I LOVE TO READ. Ever since I was little I have always loved the feeling of diving into a book and learning something new or being transported to a new world. This is probably one of the reasons among many that I became a teacher. I grew up in the Harry Potter years, and would read the books immediately when they came out. I was one of those who would attend the midnight launch parties just to get my hands on the books that night and be able to read them. I still love all things Harry Potter, but I have expanded my reading list as an adult.
When reading for pleasure I still love fantasies, syfy, and thrillers, but this post is more about the books I read for learning. I have 2 Orff/amusic teahcing books and 2 teaching books to recommend for you. (I was not paid or asked to write these reviews, I just really like the books). You can find my teacher book recommendations here: Summer Reading Had me a Blast…part 2
Elementaria- Gunild Keetman
For beginning Orff teachers, or teachers who just need a quick pick me up, this book is perfect. Gunild Keetman is the driving force behind the Orff Schulwerk. All though Orff is credited with almost everything to do with the process, Keetman wrote a lot of music in not only the volumes but also the supplemental books. In Elementaria, Keetman does an outline of both rhythm and movement concepts. In keeping with the Orff Theme, Keetman does not give rigorous step by step instructions for how to teach various rhythms and movement, but more guides the reader into various options that the teacher can then pick from for their own classroom.
I love the original examples given in this book by one of the founders of the Orff process. Keetman was especially critical in her role of movement, and the movement section of this book, complete with diagrams, is a testament to that. I read this book after taking my level 1 teacher equation ourselves and was able to follow along and see the different lesson options given. I do think, and some reviews on amazon say this as well, that if you don’t have any Orff experience at all this may come off as a daunting book. I would recommend this to any and all teachers, especially those who are just starting or in the Orff Schulwerk process. I know some people ask how to continue learning after taking Level 1, or how to start to put it all together, Elementaria is the answer to both of those questions.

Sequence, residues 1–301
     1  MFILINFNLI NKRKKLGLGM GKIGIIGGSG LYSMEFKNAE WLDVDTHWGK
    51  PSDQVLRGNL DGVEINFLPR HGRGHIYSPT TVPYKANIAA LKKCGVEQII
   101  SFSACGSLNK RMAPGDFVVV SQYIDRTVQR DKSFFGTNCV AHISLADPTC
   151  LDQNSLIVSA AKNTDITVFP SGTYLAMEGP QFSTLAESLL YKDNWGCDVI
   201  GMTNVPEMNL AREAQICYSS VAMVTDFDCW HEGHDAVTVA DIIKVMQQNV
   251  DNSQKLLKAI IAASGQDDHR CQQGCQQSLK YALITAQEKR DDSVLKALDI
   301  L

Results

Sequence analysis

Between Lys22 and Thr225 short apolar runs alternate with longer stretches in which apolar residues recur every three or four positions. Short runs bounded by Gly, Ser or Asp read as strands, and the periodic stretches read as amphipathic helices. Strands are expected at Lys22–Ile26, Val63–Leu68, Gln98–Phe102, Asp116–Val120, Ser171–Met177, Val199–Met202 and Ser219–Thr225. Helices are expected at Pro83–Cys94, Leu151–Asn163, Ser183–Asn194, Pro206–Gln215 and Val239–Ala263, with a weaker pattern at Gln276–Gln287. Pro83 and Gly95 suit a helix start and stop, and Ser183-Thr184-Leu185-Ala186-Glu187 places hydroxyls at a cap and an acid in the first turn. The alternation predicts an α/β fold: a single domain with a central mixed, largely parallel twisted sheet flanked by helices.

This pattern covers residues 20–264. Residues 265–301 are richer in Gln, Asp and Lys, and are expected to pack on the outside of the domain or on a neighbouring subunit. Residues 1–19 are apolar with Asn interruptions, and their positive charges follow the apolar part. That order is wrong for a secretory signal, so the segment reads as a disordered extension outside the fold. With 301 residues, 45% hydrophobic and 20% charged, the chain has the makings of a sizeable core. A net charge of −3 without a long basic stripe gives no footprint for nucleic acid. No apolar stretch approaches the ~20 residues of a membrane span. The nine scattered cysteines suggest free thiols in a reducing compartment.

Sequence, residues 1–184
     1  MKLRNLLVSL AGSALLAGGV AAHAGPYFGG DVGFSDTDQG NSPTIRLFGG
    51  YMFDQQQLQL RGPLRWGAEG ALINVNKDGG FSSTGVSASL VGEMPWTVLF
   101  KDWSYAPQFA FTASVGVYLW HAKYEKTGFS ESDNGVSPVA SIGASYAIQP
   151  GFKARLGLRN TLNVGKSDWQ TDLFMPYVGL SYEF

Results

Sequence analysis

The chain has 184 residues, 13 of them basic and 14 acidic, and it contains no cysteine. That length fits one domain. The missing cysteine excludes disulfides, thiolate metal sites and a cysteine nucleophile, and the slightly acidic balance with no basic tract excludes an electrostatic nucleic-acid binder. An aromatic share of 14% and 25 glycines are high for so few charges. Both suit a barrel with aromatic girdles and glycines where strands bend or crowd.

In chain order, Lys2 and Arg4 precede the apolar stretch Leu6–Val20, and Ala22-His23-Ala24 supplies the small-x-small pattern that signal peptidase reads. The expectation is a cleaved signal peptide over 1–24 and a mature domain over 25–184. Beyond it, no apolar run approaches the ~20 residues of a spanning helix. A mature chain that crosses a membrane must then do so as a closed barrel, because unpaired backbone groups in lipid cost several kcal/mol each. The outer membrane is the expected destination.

Artful, Playful, Mindful
If you are looking for a way to start on an Orff curriculum plan, this is the book to start with. Jane Frazee lays out pitch and rhythm concepts for 2nd -6th Grade. She gives examples of how she would carry out her curriculum plan and songs she would use for each concept. It is again, not a set in stone approach but a guideline for how you could do it in your classroom.
The other part of Frazee curriculum guide is the sequencing of new ideas. It is a framework that I have used and tweaked in my own classroom as well. To start a new concept student should experience it in high quality musical experiences. These need to be well thought out lessons with the clear goal of what you want the students to experience. Then students need to be able to use this new concept themselves in new songs, games, and activities. Finally, Frazee suggests having students discuss and analyze the concept. This is where I differ in my classroom. I switch the 2nd & 3rd steps around. After experiencing, my students will analects, discuss, and name a new concept before continuing to use it in the classroom. I feel this is beneficial to being able to practice the concepts in the new songs but also to talk about it in musical terms while practicing.
Both of these music teacher books are great for beginning teachers, but also for veteran teachers who need a jolt of musical espresso in their lives. Whether it is summer break, winter break, or just during the school year I hope you enjoy these books and find them useful for your teaching practice.